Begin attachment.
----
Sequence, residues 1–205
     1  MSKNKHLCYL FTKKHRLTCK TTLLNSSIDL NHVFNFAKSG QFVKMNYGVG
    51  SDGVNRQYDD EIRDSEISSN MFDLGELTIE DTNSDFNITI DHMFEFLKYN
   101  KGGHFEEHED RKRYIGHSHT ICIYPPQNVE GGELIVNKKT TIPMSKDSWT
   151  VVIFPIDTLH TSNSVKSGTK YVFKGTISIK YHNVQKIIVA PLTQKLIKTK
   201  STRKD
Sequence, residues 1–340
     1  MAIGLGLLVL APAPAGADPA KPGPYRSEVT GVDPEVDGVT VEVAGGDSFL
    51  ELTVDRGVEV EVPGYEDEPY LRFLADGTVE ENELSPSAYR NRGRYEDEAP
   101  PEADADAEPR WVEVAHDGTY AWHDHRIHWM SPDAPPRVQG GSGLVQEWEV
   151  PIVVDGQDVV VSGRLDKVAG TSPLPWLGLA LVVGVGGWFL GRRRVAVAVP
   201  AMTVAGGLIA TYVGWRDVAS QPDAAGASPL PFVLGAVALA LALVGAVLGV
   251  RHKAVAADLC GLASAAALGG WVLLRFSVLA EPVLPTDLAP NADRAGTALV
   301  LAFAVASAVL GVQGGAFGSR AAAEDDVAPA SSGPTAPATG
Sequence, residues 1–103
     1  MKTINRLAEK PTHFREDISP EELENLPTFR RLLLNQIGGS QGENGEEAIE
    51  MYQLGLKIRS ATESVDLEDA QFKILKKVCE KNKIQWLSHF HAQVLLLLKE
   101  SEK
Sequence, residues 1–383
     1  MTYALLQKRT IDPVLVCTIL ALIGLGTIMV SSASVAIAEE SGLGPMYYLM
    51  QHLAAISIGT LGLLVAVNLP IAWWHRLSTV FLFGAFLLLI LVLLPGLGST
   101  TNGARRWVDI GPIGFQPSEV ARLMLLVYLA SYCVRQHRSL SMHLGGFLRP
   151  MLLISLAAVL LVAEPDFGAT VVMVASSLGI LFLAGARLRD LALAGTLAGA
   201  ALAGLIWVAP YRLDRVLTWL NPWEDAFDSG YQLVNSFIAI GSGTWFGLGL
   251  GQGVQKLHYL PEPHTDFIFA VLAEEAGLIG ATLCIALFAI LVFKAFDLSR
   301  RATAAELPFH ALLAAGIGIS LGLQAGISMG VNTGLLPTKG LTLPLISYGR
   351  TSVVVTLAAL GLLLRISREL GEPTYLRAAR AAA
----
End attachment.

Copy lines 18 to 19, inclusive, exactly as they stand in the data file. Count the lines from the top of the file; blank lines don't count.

   101  SEK
Sequence, residues 1–383